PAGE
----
When Mary Shelley’s “Frankenstein” was published in 1818, it bore the subtitle of “The Modern Prometheus.” In the nearly two centuries since its publication and since it became a cornerstone of both horror and science fiction, it’s often been forgotten that “Frankenstein” was seen as a amazingly modern work upon its release. Written by a fearless and uncompromising woman, it commented on the fears and ambitions that lay underneath the period following the advancements of the Age of Enlightenment. And Victor LaValle’s Destroyer #1, being a contemporary continuation of the “Frankenstein” story, takes that subtitle seriously as a starting point, creating a bold look at contemporary culture through the eyes of yet another gifted scientist who challenges the laws of nature to create life. Destroyer #1 is a debut with a lot of promise and an interesting concept at its heart, even as structurally it takes a bit to get going.
The issue opens in the modern day, and reveals that the creature created by Victor Frankenstein in 1792 remains alive in Antartica, living a life of solitude. He is forced to rejoin the world once more when he wreaks vengeance upon a whaling ship for its boldly work. His encounter with the modern world allows him to learn of another scientist following in his creator’s footsteps. From there we encounter Dr. Josephine Baker, a troubled consumed by grief who is most definitely building upon Frankenstein’s work, but for an altogether more personal and heartbreaking purpose. Frankenstein’s Creature and Baker look to be on a collision course, even as sinister forces align themselves against the troubled scientist.
Victor LaValle is an author who has been writing amazing stuff for years. His most recent novel, “The Ballad of Black Tom,” is a brilliant re-telling of HP Lovecraft’s “The Horror of Red Hook,” and was nominated for a slew of awards including a Hugo, Nebula, and Bram Stoker Award. So, there was little doubt in my mind that this foray into comics wouldn’t be interesting. And LaValle doesn’t disappoint with the aims of this first issue, which shows his deftness at creating compelling characters and remaining classic concepts through a modern lens. His depiction of the Creature, for instance, succeeds in rendering this iconic character as both hugely fearsome and yet readily identifiable. The Creature of Shelley’s novel was similarly scary and yet still relatable, so LaValle doesn’t try to reinvent the wheel but rather focuses on bringing the character we all know to life in an organic and well-developed way. No easy feat, given the fact that Creature is non-verbal in the issue.
On the other hand, Dr. Baker is nothing if not verbal. She is also instantly relatable and engaging, and LaValle economically and effectively communicates both her brilliance and her demons through behaviour and dialogue rather than tiresome exposition. Baker comes across as sympathetic even as her work clearly represents some pretty troubling ethical questions, just like her inspiration, Victor Frankenstein, who was at once protagonist and antagonist of Shelley’s novel. The issue just has time to establish Baker’s personality and motivation, and Destroyer #1 hints at much more backstory to be revealed. But what it does show us is more than enough to make Baker a character we’d like to follow.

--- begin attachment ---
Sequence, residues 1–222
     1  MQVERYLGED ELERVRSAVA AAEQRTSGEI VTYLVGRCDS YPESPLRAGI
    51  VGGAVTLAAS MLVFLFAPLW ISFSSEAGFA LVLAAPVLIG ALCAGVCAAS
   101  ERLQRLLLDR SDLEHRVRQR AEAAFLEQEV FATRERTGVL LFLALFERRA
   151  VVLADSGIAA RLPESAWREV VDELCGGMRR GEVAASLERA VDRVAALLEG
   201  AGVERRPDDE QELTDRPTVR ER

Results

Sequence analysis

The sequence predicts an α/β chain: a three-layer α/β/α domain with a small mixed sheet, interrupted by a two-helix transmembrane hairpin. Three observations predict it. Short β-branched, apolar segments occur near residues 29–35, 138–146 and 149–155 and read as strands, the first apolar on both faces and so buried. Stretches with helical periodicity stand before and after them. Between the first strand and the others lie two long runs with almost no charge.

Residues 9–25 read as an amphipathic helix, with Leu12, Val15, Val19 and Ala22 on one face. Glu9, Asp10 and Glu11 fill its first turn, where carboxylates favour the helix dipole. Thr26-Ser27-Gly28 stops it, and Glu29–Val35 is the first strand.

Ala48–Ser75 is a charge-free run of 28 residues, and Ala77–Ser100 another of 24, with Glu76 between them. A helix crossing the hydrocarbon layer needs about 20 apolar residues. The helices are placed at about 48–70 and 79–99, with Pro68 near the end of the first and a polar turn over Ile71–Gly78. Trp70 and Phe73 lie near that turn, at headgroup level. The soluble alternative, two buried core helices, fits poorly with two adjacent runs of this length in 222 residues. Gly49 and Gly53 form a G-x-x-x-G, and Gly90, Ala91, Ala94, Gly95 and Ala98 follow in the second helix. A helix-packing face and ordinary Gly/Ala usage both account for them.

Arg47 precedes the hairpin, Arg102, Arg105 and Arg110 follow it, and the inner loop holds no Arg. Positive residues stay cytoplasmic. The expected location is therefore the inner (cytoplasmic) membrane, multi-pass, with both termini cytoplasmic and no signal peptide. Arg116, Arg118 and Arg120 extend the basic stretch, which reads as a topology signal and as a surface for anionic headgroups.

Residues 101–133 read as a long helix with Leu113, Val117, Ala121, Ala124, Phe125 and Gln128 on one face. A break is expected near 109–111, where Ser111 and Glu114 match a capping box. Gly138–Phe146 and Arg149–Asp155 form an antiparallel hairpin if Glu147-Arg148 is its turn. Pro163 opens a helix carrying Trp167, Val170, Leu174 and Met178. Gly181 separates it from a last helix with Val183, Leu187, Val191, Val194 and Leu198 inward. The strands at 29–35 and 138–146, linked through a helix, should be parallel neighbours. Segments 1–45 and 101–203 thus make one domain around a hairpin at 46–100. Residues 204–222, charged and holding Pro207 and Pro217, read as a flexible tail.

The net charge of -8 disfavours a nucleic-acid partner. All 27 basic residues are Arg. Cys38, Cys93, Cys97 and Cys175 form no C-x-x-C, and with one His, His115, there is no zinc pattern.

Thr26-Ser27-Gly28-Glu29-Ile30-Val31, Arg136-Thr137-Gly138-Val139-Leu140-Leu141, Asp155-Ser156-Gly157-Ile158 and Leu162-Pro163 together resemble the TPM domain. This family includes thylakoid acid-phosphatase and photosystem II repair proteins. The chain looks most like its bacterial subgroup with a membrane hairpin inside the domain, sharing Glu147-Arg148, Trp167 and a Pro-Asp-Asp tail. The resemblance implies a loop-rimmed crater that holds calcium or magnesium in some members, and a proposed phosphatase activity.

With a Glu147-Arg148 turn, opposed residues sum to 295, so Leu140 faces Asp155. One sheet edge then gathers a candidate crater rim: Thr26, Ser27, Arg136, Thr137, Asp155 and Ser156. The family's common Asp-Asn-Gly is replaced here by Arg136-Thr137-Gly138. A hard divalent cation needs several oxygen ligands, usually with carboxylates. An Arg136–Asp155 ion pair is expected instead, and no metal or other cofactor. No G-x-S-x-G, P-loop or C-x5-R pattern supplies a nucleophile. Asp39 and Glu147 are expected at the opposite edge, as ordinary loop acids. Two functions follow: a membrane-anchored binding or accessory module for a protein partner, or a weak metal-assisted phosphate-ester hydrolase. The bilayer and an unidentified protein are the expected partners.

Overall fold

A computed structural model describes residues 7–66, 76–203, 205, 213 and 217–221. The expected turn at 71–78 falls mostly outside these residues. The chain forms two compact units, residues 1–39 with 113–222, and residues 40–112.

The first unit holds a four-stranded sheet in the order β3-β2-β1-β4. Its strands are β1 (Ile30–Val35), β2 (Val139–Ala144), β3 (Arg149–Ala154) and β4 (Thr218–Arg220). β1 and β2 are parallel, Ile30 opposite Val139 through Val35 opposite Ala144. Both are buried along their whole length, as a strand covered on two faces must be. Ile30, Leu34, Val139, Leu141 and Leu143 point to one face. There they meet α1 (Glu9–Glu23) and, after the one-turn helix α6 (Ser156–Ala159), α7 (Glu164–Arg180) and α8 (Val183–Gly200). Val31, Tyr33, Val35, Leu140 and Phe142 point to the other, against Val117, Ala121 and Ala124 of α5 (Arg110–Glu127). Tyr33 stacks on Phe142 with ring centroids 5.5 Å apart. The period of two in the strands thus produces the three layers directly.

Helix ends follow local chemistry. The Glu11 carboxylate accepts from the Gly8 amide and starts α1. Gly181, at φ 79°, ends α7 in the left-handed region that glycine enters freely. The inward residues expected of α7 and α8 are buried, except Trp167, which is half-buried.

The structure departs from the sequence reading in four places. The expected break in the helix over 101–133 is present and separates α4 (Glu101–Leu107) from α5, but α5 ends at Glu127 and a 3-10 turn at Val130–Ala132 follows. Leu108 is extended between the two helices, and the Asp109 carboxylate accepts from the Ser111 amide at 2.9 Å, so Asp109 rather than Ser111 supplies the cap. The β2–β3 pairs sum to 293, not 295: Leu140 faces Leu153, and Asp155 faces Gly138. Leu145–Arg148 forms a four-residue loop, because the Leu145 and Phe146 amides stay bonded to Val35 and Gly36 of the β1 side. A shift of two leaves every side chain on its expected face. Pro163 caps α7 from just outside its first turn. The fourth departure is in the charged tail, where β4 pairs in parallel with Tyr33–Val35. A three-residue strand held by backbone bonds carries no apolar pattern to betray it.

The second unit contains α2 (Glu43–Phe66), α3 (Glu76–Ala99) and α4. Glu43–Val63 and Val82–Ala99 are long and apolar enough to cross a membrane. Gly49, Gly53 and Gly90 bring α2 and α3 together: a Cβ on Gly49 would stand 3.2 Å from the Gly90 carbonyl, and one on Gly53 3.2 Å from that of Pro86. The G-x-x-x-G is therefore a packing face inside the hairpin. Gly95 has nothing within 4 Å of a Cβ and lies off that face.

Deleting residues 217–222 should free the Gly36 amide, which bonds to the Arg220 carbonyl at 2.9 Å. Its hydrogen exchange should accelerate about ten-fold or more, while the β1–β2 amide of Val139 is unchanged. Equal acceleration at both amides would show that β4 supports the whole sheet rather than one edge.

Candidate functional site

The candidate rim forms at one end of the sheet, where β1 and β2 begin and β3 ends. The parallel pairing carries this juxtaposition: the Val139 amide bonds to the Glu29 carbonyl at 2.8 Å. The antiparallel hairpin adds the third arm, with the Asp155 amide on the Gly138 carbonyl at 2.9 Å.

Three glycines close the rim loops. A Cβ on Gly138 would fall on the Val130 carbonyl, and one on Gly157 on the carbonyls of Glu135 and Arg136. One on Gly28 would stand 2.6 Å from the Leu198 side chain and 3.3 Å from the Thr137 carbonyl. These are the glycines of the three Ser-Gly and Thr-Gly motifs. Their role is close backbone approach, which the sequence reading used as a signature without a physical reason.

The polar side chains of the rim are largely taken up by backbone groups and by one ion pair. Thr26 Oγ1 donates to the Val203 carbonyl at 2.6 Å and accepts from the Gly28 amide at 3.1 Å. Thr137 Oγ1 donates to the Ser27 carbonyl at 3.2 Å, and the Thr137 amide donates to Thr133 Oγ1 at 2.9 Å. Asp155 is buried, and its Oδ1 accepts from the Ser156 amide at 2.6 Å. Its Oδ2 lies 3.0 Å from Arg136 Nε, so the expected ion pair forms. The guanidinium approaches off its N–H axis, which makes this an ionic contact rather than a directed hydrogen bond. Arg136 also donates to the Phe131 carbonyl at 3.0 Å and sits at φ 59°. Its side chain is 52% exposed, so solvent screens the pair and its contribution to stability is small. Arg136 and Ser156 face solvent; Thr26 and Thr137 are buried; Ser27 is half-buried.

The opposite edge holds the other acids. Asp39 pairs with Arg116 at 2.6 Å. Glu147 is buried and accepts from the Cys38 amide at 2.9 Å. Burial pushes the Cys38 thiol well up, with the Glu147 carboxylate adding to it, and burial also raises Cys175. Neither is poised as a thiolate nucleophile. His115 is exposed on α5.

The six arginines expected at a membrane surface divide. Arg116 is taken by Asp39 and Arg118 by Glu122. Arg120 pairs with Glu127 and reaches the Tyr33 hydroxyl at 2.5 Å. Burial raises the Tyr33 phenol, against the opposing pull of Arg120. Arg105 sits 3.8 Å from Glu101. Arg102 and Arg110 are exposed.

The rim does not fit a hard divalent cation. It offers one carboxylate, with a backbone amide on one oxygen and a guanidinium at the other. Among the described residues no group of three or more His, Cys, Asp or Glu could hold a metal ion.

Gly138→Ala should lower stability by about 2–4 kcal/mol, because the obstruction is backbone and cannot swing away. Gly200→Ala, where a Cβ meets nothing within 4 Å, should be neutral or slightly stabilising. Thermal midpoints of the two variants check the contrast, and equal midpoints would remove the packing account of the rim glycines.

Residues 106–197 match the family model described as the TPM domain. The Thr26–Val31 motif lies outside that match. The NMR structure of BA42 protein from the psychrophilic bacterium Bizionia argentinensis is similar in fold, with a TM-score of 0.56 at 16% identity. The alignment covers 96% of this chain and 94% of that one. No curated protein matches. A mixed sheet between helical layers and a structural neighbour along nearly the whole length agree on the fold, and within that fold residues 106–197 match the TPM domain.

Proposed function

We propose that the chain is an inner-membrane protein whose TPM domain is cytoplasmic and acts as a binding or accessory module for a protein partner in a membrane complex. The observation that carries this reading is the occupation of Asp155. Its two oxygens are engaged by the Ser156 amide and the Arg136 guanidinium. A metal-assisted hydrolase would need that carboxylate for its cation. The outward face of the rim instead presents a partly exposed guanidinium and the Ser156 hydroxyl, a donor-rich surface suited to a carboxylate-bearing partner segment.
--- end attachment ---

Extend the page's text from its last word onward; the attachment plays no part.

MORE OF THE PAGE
Additionally, there are some shadowy cabalistic stuff threaded throughout the issue suggesting a sinister organization pursuing Baker and interested in the Creature for their own purposes. There’s obviously a lot more to be revelled about this organization, but even though the issue sets it up well, I’m pretty tired of this trope at this point, and to my mind shadowy conspiracies need to be rendered in some kind of compellingly different way for me, because I get bored of Men in Black shenanigans pretty quickly. I’ve got faith that LaValle’s too good to simply make them your standard government/illuminati spooks, but they were kid of the least interesting part of the issue.
Also, while I thought Destroyer #1 set up a lot very well, its pace felt a bit lop-sided. The first section with the Creature went on a bit long, given what actually gets revealed, and I found that Baker’s section could have had a bit more energy to it. The issue felt very much like the opening chapter of a novel, which can afford to take its time a bit. It might all come back to the conspiratorial element that I wasn’t that engaged in; it’s the element designed to give the Baker section its sees of jeopardy and I just wasn’t as enthralled with it due to its familiarity. Other readers my not have a problem with this, though.
Dietrich Smith is the illustrator here, with colors by Joana Lafuente, and they take an interesting approach. Much of the section with the Creature, the most overtly horrific element, is depicted in a very realists, non-stylized, clear way. The temptation would be to put all the atmosphere into that section, but the art team instead makes the Baker section the most stylized part of Destroyer #1, particularly in a dream sequence where the issue’s largely conventional layout structure fractures and begins to pile its panels on top of each other in an off-kilter progression. Letterer Jim Campbell also tries some innovations with his contributions, giving whispers and asides a different feel than the rest of the dialogue.
All in all, Destroyer #1 is a thought-provoking and smart debut that still brings the scares and big ideas, therefore living up to the legacy of “Frankenstein.” Fans of smart horror and bold ideas should hop on board to this tale of a truly Modern Prometheus from the beginning. 8.5/10
Victor LaValle’s Destroyer #1 will be released tomorrow, May 24, 2017.